Issuance of all applicable state permits for construction of the facility, building, operating, wastewater, spill containment, storm water pollution prevention, air quality permits, storage, state fire marshal, selling of product, etc. The actual number of permits required depend on the size and design of the biodiesel plant and other issues such as local requirements and methods associated with production processes. There may be as many as 20-30 permits involved in getting the plant operational. Given the number of permits, complexity of the forms, requirements that can vary from state to state, and level of technical information required, you might consider working with a consultant familiar with environmental permitting in your state and an area economic development director.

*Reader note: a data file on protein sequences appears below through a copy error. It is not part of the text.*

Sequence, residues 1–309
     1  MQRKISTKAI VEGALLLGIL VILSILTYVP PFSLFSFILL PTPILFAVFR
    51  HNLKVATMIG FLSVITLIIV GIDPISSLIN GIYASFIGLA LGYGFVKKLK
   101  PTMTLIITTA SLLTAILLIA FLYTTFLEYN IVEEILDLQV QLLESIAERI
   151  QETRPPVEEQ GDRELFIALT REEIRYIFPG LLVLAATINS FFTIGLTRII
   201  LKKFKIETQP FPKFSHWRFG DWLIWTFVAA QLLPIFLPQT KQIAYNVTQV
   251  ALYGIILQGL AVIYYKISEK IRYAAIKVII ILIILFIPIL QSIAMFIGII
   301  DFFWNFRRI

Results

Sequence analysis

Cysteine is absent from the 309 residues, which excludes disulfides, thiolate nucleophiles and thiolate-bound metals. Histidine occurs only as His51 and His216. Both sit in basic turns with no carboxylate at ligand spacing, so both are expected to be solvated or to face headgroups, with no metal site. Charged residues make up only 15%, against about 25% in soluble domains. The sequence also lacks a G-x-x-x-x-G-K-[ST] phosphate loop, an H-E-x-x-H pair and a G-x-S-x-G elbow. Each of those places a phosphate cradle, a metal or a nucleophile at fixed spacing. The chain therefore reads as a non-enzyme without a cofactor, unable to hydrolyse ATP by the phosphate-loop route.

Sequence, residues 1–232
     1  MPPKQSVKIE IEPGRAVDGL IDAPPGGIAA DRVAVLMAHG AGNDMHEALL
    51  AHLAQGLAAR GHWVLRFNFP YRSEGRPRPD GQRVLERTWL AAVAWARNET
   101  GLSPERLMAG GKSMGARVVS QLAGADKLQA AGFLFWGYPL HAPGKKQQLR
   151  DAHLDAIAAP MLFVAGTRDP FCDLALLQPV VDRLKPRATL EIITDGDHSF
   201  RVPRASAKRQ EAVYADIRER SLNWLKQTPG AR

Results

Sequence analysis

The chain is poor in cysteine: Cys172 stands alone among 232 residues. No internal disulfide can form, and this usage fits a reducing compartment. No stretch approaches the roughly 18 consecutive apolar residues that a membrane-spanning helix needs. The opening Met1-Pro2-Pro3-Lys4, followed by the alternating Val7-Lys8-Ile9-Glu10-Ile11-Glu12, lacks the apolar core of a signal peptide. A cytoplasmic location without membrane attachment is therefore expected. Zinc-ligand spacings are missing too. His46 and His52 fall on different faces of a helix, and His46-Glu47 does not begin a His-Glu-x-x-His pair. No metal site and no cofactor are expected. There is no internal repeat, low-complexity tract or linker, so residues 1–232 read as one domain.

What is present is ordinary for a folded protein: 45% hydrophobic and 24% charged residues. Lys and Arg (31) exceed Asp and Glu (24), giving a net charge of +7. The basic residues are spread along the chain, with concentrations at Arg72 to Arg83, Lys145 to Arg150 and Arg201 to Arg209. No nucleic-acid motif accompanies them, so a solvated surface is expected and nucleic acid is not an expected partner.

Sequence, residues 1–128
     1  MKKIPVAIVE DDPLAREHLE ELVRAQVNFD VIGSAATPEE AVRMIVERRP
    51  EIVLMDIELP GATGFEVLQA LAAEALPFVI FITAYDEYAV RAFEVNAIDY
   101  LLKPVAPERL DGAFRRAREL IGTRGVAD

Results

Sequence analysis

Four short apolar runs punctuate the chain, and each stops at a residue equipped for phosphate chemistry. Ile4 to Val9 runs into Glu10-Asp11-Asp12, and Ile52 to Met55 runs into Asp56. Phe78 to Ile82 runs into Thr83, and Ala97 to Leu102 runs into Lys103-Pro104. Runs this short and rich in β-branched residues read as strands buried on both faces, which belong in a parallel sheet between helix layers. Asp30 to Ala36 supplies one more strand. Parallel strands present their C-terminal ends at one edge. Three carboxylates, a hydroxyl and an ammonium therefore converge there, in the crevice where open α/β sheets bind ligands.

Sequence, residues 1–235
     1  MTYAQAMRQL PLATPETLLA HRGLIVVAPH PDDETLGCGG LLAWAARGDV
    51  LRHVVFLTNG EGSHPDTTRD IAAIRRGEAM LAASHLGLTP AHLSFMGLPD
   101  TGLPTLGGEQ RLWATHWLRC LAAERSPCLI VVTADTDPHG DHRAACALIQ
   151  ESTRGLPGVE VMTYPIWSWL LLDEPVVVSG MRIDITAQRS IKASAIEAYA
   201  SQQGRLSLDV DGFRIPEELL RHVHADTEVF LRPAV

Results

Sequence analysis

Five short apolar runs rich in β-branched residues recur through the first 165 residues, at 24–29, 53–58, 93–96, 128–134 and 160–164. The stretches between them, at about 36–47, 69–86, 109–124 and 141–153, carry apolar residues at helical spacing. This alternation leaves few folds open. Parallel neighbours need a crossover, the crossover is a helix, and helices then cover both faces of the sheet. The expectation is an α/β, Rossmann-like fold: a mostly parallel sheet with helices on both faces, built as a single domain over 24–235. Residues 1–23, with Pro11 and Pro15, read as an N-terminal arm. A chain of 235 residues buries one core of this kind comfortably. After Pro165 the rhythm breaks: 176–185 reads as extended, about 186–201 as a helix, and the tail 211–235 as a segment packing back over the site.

Adherence to local zoning laws with regard to storing hazardous chemicals, air quality emissions, and/or construction of a facility. Contact your local state Department of Environmental Quality. Also, see http://www.epa.gov/region07/
priorities/agriculture/ biodiesel_manual.pdf for more information about environmental regulations, including glycerin disposal.
IRS and state blender's permitting/registration requirements. We encourage you to contact the excise tax division of your state department of revenue for more specific information on any requirements they may have. All producers and blenders need to register with the IRS under Form 637. Producers of biodiesel, if planned for on-road use, should also contact EPA regarding registration as a refiner, per the ULSD rules.
Understanding and meeting the compliance requirements of the Renewable Fuels Standard Program will be extremely important. EPA has developed a website specific to the RFS, as well as Q&A documents to assist in meeting compliance requirements. The following link provides more information http://www.epa.gov/otaq/fuels/
Insurance Issues. Do I warrant my biodiesel to the extent that will pay for any and all damages attributable to bad biodiesel?